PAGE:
Time to get meta: this famous work by Georges Seurat at the Barnes Foundation depicts a painting within a painting.
Image Credit: 'Models (Poseuses),' 1886–1888. Georges Seurat. Oil on canvas, 78 3/4 x 98 3/8 in. Courtesy The Barnes Foundation.
With the long-awaited grand opening of the new Philadelphia campus of the Barnes Foundation just around the corner — Saturday, May 19 is now less than three weeks away — we’re going to take this opportunity to spotlight a few select artworks from the unparalleled collection in the weeks leading up the Foundation’s grand opening.
First up is “Models” By Georges Seurat, shown above.
This is a large scale work by the famed French artist — the painting is more than six feet high and eight feet long. It is very impressive to view in person, especially at the Barnes where the galleries, when they open later this month, will all contain their original educational “ensembles” — wall compositions of artworks organized by Dr. Barnes according to the principles of light, line, color and space.
In this specific painting, Seurat depicts models in various states — disrobing, dressing, posing — in his studio after (or maybe before) they presumably modeled for him for another painting.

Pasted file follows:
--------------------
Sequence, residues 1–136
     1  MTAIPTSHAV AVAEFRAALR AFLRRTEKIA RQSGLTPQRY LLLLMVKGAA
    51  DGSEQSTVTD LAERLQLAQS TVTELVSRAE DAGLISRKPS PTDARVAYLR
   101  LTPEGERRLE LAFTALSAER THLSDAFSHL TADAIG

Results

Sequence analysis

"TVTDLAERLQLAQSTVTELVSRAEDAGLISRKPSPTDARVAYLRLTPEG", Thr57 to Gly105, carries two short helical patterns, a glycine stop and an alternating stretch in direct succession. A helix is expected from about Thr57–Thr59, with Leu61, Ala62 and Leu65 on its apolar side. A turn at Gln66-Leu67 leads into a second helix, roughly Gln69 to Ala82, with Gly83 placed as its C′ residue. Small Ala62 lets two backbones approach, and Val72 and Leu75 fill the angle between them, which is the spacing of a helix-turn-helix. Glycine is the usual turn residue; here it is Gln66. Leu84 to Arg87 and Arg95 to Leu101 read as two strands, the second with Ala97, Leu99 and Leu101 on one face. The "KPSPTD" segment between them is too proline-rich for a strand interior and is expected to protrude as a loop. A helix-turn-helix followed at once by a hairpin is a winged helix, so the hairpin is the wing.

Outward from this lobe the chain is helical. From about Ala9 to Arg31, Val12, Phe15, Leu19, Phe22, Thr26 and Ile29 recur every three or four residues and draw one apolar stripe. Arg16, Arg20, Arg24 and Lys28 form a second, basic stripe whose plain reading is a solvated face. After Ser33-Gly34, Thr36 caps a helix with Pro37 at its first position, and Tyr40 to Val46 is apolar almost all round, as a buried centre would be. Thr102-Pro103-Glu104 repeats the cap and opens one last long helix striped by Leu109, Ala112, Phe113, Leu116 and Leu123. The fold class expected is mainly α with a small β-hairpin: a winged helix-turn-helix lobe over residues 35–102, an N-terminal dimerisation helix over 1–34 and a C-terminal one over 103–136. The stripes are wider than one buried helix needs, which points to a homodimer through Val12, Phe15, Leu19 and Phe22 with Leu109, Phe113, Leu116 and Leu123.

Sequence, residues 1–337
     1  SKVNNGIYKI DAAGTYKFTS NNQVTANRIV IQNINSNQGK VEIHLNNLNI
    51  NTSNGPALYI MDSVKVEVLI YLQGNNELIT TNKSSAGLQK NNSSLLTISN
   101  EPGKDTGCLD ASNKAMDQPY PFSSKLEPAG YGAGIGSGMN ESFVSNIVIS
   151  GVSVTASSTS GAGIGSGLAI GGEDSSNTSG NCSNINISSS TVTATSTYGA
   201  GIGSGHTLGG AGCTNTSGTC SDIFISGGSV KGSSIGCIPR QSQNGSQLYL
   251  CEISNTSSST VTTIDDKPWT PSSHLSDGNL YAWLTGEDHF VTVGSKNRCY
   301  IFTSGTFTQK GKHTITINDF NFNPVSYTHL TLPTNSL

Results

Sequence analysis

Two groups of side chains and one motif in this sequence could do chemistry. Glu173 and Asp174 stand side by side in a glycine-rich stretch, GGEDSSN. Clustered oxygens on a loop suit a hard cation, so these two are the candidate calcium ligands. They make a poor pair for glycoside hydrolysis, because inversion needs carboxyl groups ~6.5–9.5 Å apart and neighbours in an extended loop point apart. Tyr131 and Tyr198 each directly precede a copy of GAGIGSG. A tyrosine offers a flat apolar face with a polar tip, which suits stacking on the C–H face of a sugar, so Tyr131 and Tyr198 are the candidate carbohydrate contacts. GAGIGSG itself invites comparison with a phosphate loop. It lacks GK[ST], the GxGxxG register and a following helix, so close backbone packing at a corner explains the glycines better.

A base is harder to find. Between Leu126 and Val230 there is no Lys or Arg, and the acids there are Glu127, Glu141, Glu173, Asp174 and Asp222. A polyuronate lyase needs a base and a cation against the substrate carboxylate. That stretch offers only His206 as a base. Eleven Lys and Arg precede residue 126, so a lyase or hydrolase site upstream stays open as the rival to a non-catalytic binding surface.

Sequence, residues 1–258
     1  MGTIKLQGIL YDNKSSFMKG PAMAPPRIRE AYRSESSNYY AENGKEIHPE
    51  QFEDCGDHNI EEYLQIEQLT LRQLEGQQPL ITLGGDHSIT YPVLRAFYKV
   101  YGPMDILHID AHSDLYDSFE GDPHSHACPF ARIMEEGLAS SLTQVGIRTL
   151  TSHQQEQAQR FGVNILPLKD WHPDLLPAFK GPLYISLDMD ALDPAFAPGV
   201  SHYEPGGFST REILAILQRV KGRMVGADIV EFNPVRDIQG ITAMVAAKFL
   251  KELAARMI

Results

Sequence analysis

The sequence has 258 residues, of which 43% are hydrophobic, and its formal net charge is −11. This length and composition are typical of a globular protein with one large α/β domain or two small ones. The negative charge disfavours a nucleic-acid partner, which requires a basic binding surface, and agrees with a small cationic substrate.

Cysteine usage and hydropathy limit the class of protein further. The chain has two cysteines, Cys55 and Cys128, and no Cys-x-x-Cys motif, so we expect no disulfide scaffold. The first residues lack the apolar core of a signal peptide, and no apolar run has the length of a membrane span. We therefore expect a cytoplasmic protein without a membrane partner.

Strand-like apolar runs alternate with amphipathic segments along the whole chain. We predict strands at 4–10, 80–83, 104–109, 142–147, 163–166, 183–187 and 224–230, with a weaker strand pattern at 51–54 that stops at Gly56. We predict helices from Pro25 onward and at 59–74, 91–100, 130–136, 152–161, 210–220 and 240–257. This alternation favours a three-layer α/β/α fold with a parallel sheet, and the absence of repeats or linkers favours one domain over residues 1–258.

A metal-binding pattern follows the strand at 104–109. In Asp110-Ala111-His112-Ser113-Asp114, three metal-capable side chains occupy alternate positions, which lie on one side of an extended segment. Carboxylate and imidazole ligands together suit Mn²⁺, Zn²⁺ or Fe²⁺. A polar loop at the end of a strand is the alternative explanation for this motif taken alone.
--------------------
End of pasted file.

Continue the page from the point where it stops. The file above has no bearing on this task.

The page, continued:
What’s very cool about “Models” is that it actually features a painting inside a painting; notice on the back left wall the presence of a partially visible painting. It’s actually the right side of “A Sunday Afternoon on the Island of La Grande Jatte,” one of Seurat’s most famous works. (You may remember it from a particularly great scene from one of our all-time favorite 80s movies…)
What is the meaning of the presence of the painting within a painting?
One theory about “Models” is that the models depicted in it are actually supposed to be the models that Seurat used to paint “A Sunday Afternoon on the Island of La Grande Jatte.” In which the models that appear in the “Models” painting are depicting a scene of the models from the “Sunday Afternoon” painting returning to the artist’s studio after an afternoon of modeling and the items strewn around the room — hats, shoes, parasols, basket of flowers — are actually things the models were wearing or holding in the famous “Sunday Afternoon” painting.
Is that meta enough for you?
It’s really just one interpretation but it’s pretty cool and we like it.
The painting is definitely something that you’re going to want to check out first-hand once the Barnes Foundation opens later this month. And remember, the Barnes is opening with a 10-day series of special events from May 19-28, culminating with 60 hours of round-the-clock access over Memorial Day weekend, May 26-28. You can reserve tickets and/or become a member online.
In the meantime, you can catch up on our previous Barnes coverage here. And stay tuned for a lot more about the Barnes in the days and weeks to come.
The Barnes Foundation – Opening May 19, 2012
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